It’s #WarriorWednesday, and Kaitlin Bolt-Lovett, the warrior behind @alifenourished, is sharing her journey with eating disorders and mental health. Check out her story below!
I have words for emotions I never had before. I am able to construct sentences like “my worth is not determined by the shape of my body nor my ability to perform, prove, please, or meet anyone else’s expectations of me.”
Has it taken years to confidently tell myself I am worthy no matter what? Absolutely. Do I find myself forgetting on a daily basis? Oh yeah. This is a journey. It isn’t necessarily a journey to “self-love” though that would be lovely, but more realistically one towards self respect, acceptance, and more than anything, an understanding.
I’ve been at war with who I am at a basic level for as long as I can remember and my coping showed up as an eating disorder mixed with depression and anxiety. As a former collegiate level synchronized swimmer, my perfectionist mentality thrived while my body tried to become smaller and smaller, hide deeper and deeper. I didn’t know who I was without a team of girls. It felt safer to physically and emotionally shrink than to take up space. I learned to disconnect with not only the painful emotions but the light ones too. I had to become a shell of myself before realizing there had to be more, I had to isolate myself to realize how important community is. That internal voice can be so loud, so disempowering, so quick, that a compassionate knowing is the last thing we think of when triggers show up.
We so quickly compare and find ourselves unworthy, either telling ourselves the story that we’re “too much” or “not enough”.
It’s crazy how powerful shame is, and how perverse it has become in our culture. I used to believe that my lack of will power around night time binges was because I was weak and worthless, I didn’t have the verbiage to understand it was my body keeping me alive. In a society that glorifies thinness, we are all touched by the lies fat phobia tells us. The truth is, the food industries need our buy in. They need us to buy into their marketing schemes and believe we are the broken ones when our kids candy magically disappears over night. We live in constant fear that we can trust ourselves, or at least I know I did. Shame keeps us in a spiral of isolation, of believing or fearing that indeed we are “bad” or “broken” when we don’t comply with our own or others expectations.
The thing is? This cycle with food or anything really, will always leave us feeling less than. Restriction of any kind BREEDS out of control responses, it’s our natural biology doing whatever it takes to gain autonomy. The hardest concept for people to grasp? Releasing the restrictive mindset from food is actually the quickest way to a healthy relationship with food and body. When we can begin to release our grip around fearing food, we can begin to have some curiosity around it based on how we FEEL. This process opens up the door to feeling on a more somatic scale. The binge in some form or another almost ALWAYS comes after a period of restriction or deprivation. There’s a reason we always reach for those “fun foods”.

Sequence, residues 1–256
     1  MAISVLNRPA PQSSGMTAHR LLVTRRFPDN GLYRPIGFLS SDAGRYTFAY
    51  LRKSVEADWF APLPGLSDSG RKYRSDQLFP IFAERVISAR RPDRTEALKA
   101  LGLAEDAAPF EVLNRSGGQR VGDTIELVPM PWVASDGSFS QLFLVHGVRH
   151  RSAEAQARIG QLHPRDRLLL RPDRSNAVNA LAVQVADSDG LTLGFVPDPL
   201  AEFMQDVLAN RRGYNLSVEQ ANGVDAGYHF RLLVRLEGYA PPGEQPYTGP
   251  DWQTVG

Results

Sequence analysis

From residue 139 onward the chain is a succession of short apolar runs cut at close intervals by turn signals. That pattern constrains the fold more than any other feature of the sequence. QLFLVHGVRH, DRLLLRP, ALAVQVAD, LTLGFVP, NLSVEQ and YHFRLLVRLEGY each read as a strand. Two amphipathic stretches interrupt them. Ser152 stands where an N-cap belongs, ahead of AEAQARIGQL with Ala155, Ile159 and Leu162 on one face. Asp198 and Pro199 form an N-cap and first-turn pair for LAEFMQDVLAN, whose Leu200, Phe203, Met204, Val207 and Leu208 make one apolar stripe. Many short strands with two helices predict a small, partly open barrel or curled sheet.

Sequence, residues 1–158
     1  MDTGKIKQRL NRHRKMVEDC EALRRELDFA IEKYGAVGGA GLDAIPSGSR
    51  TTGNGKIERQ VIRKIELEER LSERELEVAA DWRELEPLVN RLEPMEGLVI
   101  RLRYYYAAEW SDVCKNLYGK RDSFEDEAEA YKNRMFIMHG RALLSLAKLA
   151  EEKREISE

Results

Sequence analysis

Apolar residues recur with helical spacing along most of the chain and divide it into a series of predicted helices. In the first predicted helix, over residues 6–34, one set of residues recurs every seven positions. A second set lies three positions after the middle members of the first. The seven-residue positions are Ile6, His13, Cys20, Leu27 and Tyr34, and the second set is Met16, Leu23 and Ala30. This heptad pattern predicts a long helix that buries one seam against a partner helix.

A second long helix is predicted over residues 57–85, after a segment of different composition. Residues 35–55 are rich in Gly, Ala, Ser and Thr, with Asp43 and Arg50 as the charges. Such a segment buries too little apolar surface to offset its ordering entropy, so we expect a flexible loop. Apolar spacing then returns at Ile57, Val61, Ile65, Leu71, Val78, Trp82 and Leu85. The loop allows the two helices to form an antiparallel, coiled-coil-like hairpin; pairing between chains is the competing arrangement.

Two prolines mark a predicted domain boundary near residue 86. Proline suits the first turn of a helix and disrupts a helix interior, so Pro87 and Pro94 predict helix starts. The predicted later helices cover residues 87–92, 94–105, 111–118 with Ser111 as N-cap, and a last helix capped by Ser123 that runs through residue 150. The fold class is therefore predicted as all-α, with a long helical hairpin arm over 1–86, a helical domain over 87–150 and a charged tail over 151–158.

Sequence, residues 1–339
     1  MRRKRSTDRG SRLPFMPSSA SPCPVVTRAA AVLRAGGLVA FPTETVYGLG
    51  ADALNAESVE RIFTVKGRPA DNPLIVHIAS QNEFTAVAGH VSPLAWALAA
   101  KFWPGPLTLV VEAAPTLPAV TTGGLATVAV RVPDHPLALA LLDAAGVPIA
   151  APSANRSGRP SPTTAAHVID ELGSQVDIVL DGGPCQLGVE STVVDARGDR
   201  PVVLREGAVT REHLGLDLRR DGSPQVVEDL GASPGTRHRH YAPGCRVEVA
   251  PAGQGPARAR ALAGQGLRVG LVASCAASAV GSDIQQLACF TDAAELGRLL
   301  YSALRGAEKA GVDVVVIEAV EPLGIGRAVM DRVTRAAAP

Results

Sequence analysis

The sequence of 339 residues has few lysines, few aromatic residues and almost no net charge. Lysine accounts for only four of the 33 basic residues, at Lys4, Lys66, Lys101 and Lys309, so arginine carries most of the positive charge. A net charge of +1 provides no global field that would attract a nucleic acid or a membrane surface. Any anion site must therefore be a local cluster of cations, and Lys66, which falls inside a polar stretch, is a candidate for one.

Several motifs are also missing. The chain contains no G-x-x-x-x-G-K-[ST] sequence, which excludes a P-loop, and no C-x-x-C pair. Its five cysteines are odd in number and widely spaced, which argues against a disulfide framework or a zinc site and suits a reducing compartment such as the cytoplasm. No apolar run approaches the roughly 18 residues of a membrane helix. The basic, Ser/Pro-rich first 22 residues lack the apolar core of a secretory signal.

If I’ve learned anything, it’s that the places we fear can be the most powerful. Digging into the parts of ourselves we have labeled as “don’t like” or have been told are “unacceptable” opens up an opportunity for healing and wholeness. It takes away the power from others because we learn to have a relationship with every part of ourselves, an undeniable truth and knowing.
I am far from healed. I still have bad body days, I still find myself in shame and anxiety spirals and compassion quickly jumps out the window. We live in a fat phobic society where many people are outwardly told their physicality is unacceptable, that has a trickle down affect to everyone.
Part of my work as a Registered Dietitian is helping my clients to have an empowering and respectful relationship with food and their bodies. I feel like this is insanely important work right now in our society and I would be doing myself and my clients a disservice if I didn’t continue to do the work myself. It’s seriously uncomfortable work, but in tandem it’s also an internal space and comfort that I’ve never had before. I don’t always like what I see, but I’m learning to have a relationship with it. I’m learning to use my anxiety as a red flag that something is going on. I’m learning to separate out big F feelings that I trust, from little F feelings that might not be true.
It isn’t linear, it looks more like a giant knitted yarn ball with a couple strings coming untied, and that’s pretty much what it feels like.
If I could go back and tell my younger self anything, it would be this. You are not broken, you are not alone, you are safe to show up just as you are, you are safe to trust yourself and LISTEN to what your body needs on a daily basis.
I’m grateful for my ability to use food to cope, it kept me alive when nothing else worked. I’m grateful for my anxiety because the flip side of it is my sensitivity, which enables me to connect with others on a deeper level.
Feeding ourselves can be an amazing form of self-care if we can move away from the shame and the guilt that is often put with it. Unless that Halloween candy robbed a bank, guilt from eating it won’t help you enjoy it anymore. Instead try using all your senses when eating. What’s the taste, texture, smell, mouth feel, temperature? How can you bring more awareness to your eating? ALLOW yourself to be fully present.